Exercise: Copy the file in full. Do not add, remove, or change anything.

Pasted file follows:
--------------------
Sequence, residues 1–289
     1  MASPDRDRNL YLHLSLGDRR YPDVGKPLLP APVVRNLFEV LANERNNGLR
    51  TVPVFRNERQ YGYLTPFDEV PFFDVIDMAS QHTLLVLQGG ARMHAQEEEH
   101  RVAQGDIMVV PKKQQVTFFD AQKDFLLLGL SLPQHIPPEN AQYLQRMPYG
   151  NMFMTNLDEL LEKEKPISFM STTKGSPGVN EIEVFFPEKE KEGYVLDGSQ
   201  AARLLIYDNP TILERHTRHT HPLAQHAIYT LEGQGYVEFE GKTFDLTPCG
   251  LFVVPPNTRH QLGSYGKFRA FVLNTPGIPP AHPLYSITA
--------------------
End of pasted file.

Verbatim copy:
Sequence, residues 1–289
     1  MASPDRDRNL YLHLSLGDRR YPDVGKPLLP APVVRNLFEV LANERNNGLR
    51  TVPVFRNERQ YGYLTPFDEV PFFDVIDMAS QHTLLVLQGG ARMHAQEEEH
   101  RVAQGDIMVV PKKQQVTFFD AQKDFLLLGL SLPQHIPPEN AQYLQRMPYG
   151  NMFMTNLDEL LEKEKPISFM STTKGSPGVN EIEVFFPEKE KEGYVLDGSQ
   201  AARLLIYDNP TILERHTRHT HPLAQHAIYT LEGQGYVEFE GKTFDLTPCG
   251  LFVVPPNTRH QLGSYGKFRA FVLNTPGIPP AHPLYSITA